Jordanian King to visit Palestinian autocrat for support, and ‘to send a message’

 

Jordan’s Abdullah II plans a rare visit to Ramallah on Monday in show of support for the Palestinian leader and the Palestinian people amid tension with Israel from the Temple Mount magnetometers stand-off and then the shooting that killed 2 at Israel’s Amman embassy.

By Elior Levy & Roi Kais

 

Jordan’s King Abdullah II is scheduled to visit the Palestinian Authority on Monday to meet with President Mahmoud Abbas.

Fatah leadership member Mohammad Shtayyeh said this was “a visit of solidarity and coordination, which proves the Palestinians and Jordanians speak with one voice.”

He was referring to the shared positions with regards to the Temple Mount as well as the American efforts to restart the Israeli-Palestinian peace process.

Jordanian officials told the newspaper Ad-Dustour that Abdullah and Abbas will discuss diplomatic issues relating, among others, to the developments at the Al-Aqsa Mosque.

The officials said the king will be accompanied by several senior Jordanian officials. Abdullah will first meet with Abbas privately at the latter’s office and later hold an extended meeting including the king’s entourage and Palestinian officials.

“The king wants to emphasize his support and his aid to the Palestinian president and the Palestinian people, and his and the Jordanian people’s stance beside the Palestinian people and their leadership,” one of the officials explained the purpose of the visit.

The King’s last visit to the Palestinian territories took place five years ago.

The timing of the expected visit is as important as the visit itself. Abdullah’s arrival at the present time is expected to give Abbas political support in a time when relations between Israel and the PA deteriorated due to Abbas’ decision to sever ties with Israel, including security coordination.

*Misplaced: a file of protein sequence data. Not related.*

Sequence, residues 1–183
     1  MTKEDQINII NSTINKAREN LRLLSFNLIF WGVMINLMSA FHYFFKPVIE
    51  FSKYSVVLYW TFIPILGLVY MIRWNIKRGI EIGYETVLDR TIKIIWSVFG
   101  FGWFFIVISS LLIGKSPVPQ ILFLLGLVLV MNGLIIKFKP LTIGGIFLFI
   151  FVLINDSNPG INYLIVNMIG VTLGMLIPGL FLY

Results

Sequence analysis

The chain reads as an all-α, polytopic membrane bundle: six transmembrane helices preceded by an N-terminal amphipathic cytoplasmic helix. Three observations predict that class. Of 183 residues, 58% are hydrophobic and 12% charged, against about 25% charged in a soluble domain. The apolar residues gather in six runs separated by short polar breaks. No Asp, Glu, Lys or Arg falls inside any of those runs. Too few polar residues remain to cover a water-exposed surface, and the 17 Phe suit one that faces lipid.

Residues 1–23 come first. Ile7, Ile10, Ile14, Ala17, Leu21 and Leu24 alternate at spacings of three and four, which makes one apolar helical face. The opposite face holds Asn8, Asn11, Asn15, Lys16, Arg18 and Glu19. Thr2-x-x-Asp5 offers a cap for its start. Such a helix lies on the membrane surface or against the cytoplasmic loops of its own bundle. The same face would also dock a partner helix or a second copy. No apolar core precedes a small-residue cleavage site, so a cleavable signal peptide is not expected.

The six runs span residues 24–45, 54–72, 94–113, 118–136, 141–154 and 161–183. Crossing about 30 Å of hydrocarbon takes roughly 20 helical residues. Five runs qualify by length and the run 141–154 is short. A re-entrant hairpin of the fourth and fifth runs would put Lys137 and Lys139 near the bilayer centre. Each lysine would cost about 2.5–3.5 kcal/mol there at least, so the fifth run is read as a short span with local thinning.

The fact that Abdullah will arrive in Ramallah shortly after the incident in Amman—in which an Israeli security guard shot two Jordanian civilians—and after the Temple Mount crisis, two events that brought Israel-Jordan relations to a record low, constitutes a clear and meaningful statement to Israel.

Earlier this week, King Abdullah ordered to allocate over $1.4 million to the Islamic Waqf at the Temple Mount to develop the Islamic museum located at the compound.

Abdullah’s visit also comes amid growing pessimism in the PA with regards to the Trump administration’s ability to restart peace talks, this following the cautious optimism the Palestinian leadership displayed in the first few months of the US president’s term.

Earlier this week, Trump’s son-in-law and senior advisor Jared Kushner, entrusted among other things with promoting the Middle East peace process, said in off-the-record remarks that were leaked that there may not be a solution to the Israeli-Palestinian conflict.

Meanwhile, Palestinian negotiator Saeb Erekat criticized the American administration for having yet to express support of the two-state solution and for failing to condemn Israeli construction in the West Bank.

 

View original Ynet publication at:
http://www.ynetnews.com/articles/0,7340,L-4998887,00.html

 

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